• Animals with pneumonia may benefit from nebulization and coupage 3 to 4 times a day.

      • Medications beyond aerosol therapy are typically not needed.

  • Medication

    • Antibiotics: Broad-spectrum antibiotics to treat or prevent infection with secondary bacterial pathogens (eg, Escherichia coli, Pasteurella spp, Bordetella bronchiseptica, or Streptococcus spp) should be considered in mild-to-severe cases, especially if fever, inappetence, or lethargy is present concurrently.

      • Amoxicillin–clavulanate, azithromycin, doxycycline, and enrofloxacin are commonly used.

      • Hospitalization and IV antimicrobials may be indicated in severe cases.

    • Antiviral drugs: Because antiviral drugs must be administered early in the course of infection to be effective, they are of little benefit to most patients. Additionally, the efficacy and safety of these drugs in dogs has not been established.

      • Because the use of antiviral drugs can lead to development of drug-resistant virus strains, they should be avoided to preserve drug efficacy in humans.29,30

      • H3N2 CIV has reassorted with human and avian influenza viruses; this indicates that mutations driven by antiviral use could be transferred because of inherent virus compatibility.<sup3,7,31 sup> 

    • Corticosteroids: May be contraindicated; prolonged shedding of higher amounts of H3N2 virus was observed in dogs treated with immunosuppressive doses of prednisolone, which were much higher than the typical anti-inflammatory doses administered in most clinical patients.24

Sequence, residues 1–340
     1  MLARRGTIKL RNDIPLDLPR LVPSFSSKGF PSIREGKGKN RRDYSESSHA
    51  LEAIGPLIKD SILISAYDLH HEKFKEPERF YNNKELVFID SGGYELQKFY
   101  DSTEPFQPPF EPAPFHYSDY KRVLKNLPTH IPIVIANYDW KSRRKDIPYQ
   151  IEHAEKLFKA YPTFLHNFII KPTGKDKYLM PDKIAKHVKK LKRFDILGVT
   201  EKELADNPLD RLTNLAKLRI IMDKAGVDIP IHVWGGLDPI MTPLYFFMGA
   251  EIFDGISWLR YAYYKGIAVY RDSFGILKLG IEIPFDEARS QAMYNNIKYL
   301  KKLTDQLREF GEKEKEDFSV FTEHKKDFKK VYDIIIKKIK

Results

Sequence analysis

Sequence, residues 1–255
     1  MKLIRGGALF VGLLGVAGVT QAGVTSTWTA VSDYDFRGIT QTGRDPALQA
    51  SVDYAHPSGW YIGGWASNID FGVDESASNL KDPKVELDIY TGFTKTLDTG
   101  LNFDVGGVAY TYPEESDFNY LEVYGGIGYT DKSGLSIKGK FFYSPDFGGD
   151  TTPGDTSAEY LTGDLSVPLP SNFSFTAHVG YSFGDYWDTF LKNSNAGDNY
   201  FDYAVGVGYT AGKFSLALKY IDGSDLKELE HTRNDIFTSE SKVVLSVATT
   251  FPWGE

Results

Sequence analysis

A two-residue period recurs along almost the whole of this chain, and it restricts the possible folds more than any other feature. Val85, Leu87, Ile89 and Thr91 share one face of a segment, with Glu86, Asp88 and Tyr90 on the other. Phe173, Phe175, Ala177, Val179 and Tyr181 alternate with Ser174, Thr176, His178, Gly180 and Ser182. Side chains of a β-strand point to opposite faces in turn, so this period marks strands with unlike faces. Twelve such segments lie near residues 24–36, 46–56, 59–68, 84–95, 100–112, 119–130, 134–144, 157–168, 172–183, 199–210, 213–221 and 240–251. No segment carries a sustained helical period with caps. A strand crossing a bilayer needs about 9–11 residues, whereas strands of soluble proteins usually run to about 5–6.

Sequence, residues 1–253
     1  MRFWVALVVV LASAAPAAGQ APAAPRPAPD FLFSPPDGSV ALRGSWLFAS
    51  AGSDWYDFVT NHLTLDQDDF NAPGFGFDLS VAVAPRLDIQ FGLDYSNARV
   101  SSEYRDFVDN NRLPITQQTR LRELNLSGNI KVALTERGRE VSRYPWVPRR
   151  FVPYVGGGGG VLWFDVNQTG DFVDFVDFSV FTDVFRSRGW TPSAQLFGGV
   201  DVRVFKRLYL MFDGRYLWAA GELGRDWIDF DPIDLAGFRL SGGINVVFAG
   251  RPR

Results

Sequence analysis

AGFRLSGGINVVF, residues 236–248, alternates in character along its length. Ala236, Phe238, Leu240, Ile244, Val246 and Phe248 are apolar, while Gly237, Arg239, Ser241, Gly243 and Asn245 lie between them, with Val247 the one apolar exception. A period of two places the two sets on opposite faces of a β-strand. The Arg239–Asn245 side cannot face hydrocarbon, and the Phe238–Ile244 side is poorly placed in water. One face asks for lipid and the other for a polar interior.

• In patients with severe clinical signs (ie, ARDS) or those exhibiting chronic respiratory inflammation, anti-inflammatory doses of steroids may be beneficial.

    • Antitussives: May be considered as a means to disrupt the cough cycle

      • Not recommended in patients with bacterial pneumonia, as these drugs may decrease bacterial clearance and cause retention of respiratory secretions

    • Bronchodilators: Although limited benefit has been observed with these drugs, they can be effective cough suppressants in some cases.

      • Dose reduction is indicated when using methylxanthine bronchodilators in combination with certain medications (eg, enrofloxacin)

  • Activity

    • Activity should be limited; cage rest may be indicated to limit respiratory fatigue.

    • Dogs should be isolated during the first 21 days, when most viral shedding occurs.

  • Client education: Most CIV cases occur with no or mild clinical signs; however, it can be fatal, especially the H3N2 variant.

    • Patients that require hospitalization often fail to recover, most often because of secondary bacterial pneumonia.